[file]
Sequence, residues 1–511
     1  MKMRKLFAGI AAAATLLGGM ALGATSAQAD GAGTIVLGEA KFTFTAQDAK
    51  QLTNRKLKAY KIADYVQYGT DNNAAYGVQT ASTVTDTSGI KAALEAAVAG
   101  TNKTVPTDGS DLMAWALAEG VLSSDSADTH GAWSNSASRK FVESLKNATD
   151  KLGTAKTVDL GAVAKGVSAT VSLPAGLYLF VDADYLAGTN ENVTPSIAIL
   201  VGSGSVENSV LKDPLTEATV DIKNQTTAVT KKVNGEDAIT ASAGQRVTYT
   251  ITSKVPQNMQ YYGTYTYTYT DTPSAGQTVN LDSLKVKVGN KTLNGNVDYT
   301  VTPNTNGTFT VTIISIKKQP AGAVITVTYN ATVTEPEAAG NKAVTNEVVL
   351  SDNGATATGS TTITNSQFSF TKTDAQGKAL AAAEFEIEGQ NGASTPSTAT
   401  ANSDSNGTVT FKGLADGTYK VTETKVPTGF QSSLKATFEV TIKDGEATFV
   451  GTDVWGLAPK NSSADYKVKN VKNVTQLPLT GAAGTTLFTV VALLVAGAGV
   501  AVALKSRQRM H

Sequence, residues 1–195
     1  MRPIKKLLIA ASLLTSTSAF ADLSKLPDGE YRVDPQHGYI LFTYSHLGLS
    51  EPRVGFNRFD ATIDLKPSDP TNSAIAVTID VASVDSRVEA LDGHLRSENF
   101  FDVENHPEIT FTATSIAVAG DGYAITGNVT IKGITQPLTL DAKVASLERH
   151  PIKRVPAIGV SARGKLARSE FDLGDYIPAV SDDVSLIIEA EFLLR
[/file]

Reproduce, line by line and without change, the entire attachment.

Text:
Sequence, residues 1–511
     1  MKMRKLFAGI AAAATLLGGM ALGATSAQAD GAGTIVLGEA KFTFTAQDAK
    51  QLTNRKLKAY KIADYVQYGT DNNAAYGVQT ASTVTDTSGI KAALEAAVAG
   101  TNKTVPTDGS DLMAWALAEG VLSSDSADTH GAWSNSASRK FVESLKNATD
   151  KLGTAKTVDL GAVAKGVSAT VSLPAGLYLF VDADYLAGTN ENVTPSIAIL
   201  VGSGSVENSV LKDPLTEATV DIKNQTTAVT KKVNGEDAIT ASAGQRVTYT
   251  ITSKVPQNMQ YYGTYTYTYT DTPSAGQTVN LDSLKVKVGN KTLNGNVDYT
   301  VTPNTNGTFT VTIISIKKQP AGAVITVTYN ATVTEPEAAG NKAVTNEVVL
   351  SDNGATATGS TTITNSQFSF TKTDAQGKAL AAAEFEIEGQ NGASTPSTAT
   401  ANSDSNGTVT FKGLADGTYK VTETKVPTGF QSSLKATFEV TIKDGEATFV
   451  GTDVWGLAPK NSSADYKVKN VKNVTQLPLT GAAGTTLFTV VALLVAGAGV
   501  AVALKSRQRM H

Sequence, residues 1–195
     1  MRPIKKLLIA ASLLTSTSAF ADLSKLPDGE YRVDPQHGYI LFTYSHLGLS
    51  EPRVGFNRFD ATIDLKPSDP TNSAIAVTID VASVDSRVEA LDGHLRSENF
   101  FDVENHPEIT FTATSIAVAG DGYAITGNVT IKGITQPLTL DAKVASLERH
   151  PIKRVPAIGV SARGKLARSE FDLGDYIPAV SDDVSLIIEA EFLLR